: Fried Foods Tied to Raised Heart Failure Risk
Posted March 4, 2015
By Steven Reinberg
TUESDAY, March 3, 2015 (HealthDay News) -- The more fried food you eat, the greater your risk for heart failure, a new study says.
"This study suggests that it might be wise to reduce the frequency and quantity of fried foods consumed weekly in order to prevent heart failure and other chronic conditions," said lead researcher Dr. Luc Djousse, an associate professor of medicine at Harvard Medical School in Boston.
Heart failure means the heart isn't pumping blood throughout the body as well as it should. Symptoms include fatigue and shortness of breath, and it's one of the most common reasons for hospital admissions among people aged 65 and older, according to the American Heart Association.
In this study, men who ate fried food one to three times a week had an average 18 percent increased risk of developing heart failure, researchers found. When fried food was eaten four to six times a week, heart failure risk was 25 percent higher, and at seven times or more weekly, 68 percent greater.
So, ditch the French fries, doughnuts, crispy fried fish and chicken, and other foods cooked in fat, heart experts suggest.
A healthy diet is high in fruits, vegetables, beans and whole grains, but low in saturated fat, red meat, salt and fried foods, Djousse said.
The association between fried food consumption and heart failure risk seen in the study does not prove a cause-and-effect relationship.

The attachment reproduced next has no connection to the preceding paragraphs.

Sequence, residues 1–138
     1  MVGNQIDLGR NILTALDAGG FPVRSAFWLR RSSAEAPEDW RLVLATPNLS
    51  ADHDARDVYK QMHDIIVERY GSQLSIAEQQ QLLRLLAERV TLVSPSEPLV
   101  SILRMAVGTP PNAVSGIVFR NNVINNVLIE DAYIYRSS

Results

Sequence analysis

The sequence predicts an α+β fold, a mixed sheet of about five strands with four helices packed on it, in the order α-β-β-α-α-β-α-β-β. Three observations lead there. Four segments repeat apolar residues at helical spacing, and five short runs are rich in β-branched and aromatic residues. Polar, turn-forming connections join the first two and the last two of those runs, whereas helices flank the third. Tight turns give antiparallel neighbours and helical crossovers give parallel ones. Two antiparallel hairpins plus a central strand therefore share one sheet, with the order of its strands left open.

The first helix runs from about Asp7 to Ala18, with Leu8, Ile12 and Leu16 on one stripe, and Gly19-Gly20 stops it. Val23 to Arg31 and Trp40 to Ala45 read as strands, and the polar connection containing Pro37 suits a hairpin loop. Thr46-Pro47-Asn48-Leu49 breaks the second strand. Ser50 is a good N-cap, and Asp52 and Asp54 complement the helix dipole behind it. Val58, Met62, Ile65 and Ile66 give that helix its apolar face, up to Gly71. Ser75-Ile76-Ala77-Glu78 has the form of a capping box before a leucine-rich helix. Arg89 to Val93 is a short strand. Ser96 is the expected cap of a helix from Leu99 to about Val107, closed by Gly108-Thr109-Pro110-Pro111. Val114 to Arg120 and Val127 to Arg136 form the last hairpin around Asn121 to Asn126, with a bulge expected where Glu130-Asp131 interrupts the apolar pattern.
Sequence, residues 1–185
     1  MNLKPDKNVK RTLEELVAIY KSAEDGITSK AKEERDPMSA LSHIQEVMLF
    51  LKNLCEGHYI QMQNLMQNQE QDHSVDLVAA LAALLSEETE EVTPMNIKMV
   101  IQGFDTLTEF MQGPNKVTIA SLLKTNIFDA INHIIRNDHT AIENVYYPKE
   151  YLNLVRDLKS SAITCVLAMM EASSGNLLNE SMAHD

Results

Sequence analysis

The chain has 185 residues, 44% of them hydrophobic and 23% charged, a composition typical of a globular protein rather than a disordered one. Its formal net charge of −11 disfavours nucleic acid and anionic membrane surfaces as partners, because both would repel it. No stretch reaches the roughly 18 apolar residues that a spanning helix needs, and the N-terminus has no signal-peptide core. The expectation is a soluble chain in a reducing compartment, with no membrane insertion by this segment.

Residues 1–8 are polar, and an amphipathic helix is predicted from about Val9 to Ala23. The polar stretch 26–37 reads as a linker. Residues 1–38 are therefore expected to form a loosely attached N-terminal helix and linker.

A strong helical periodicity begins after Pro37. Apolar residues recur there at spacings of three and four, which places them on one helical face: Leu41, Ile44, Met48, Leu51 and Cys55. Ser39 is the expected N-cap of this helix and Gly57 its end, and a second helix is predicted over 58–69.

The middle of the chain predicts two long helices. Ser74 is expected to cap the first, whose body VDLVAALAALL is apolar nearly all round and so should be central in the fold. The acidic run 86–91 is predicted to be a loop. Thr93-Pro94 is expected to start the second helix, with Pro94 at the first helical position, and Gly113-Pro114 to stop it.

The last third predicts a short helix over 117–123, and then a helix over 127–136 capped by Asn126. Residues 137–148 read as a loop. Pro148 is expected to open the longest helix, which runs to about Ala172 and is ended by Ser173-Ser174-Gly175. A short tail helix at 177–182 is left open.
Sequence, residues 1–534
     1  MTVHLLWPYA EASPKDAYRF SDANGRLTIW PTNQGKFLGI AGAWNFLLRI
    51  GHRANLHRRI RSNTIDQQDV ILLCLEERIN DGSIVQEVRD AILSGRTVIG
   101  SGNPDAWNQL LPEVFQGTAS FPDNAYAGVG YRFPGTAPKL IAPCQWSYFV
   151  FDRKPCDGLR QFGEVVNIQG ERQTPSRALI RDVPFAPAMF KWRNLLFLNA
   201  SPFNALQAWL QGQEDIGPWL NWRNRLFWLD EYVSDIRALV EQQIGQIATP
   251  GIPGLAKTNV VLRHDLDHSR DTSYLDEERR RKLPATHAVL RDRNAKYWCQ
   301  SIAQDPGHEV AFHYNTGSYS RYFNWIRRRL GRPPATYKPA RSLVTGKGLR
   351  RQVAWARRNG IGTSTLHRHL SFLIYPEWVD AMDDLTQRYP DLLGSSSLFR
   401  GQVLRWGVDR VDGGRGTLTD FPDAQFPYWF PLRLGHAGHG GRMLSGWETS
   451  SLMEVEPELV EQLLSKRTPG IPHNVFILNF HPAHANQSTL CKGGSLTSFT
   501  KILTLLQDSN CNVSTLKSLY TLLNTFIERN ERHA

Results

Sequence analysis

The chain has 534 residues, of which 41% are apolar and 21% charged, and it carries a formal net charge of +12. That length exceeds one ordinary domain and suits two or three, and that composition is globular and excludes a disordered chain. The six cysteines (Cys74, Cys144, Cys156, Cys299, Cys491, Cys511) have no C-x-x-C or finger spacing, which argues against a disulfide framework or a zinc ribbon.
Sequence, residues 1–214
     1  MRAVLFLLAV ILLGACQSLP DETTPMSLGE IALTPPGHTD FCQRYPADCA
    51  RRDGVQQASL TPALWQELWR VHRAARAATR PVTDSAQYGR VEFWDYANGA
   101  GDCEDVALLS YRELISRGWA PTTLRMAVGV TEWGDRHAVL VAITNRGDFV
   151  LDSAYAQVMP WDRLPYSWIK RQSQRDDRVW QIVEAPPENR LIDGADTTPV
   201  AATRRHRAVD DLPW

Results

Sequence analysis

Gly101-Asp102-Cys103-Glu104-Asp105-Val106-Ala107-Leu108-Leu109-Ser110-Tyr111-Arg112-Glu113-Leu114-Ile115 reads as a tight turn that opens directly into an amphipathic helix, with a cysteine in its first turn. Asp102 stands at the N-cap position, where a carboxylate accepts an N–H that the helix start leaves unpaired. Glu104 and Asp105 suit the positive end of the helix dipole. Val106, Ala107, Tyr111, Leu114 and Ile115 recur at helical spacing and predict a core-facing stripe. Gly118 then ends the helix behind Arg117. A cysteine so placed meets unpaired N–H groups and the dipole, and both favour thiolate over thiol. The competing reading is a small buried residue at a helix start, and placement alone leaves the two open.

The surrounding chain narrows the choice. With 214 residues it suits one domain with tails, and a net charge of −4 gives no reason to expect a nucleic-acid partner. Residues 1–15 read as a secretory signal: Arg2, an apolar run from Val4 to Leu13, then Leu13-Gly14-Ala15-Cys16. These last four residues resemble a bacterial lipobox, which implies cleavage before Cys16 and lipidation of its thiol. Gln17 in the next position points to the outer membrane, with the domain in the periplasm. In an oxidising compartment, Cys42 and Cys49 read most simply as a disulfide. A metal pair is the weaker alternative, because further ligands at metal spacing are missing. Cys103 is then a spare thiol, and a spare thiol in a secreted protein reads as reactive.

However, Samantha Heller, a senior clinical nutritionist at NYU Langone Medical Center in New York City, pointed out that greasier foods increase calorie consumption, which can lead to obesity, high blood pressure, high cholesterol, and heart disease.
"In addition, people who eat a lot of fried foods may also consume a generally less healthy diet, consisting of more red and processed meats and fewer vegetables, beans and fruits," she said.
"The bottom line is, eating fried foods once in a while is fine but not on a daily or even a weekly basis," Heller added.
For the study, researchers collected data on more than 15,300 male doctors who took part in the Physicians' Health Study. The men -- average age 66 at the start of the study -- completed food frequency questionnaires over a three-year period. During an average follow-up of about a decade, 632 developed heart failure.
Dr. Gregg Fonarow, a professor of cardiology at the University of California, Los Angeles, said the findings support previous research linking fried foods to type 2 diabetes, obesity and high blood pressure -- risk factors for heart failure.
"This and prior studies suggest that lifestyle choices can influence the risk of subsequently developing heart failure," he said.
"Heart failure is common, costly, and deadly," he added.
The results of the study were scheduled for presentation Tuesday at an American Heart Association meeting in Baltimore. Data and conclusions of research presented at meetings are usually considered preliminary until published in a peer-reviewed medical journal. The U.S. National Heart, Lung, and Blood Institute funded the research.
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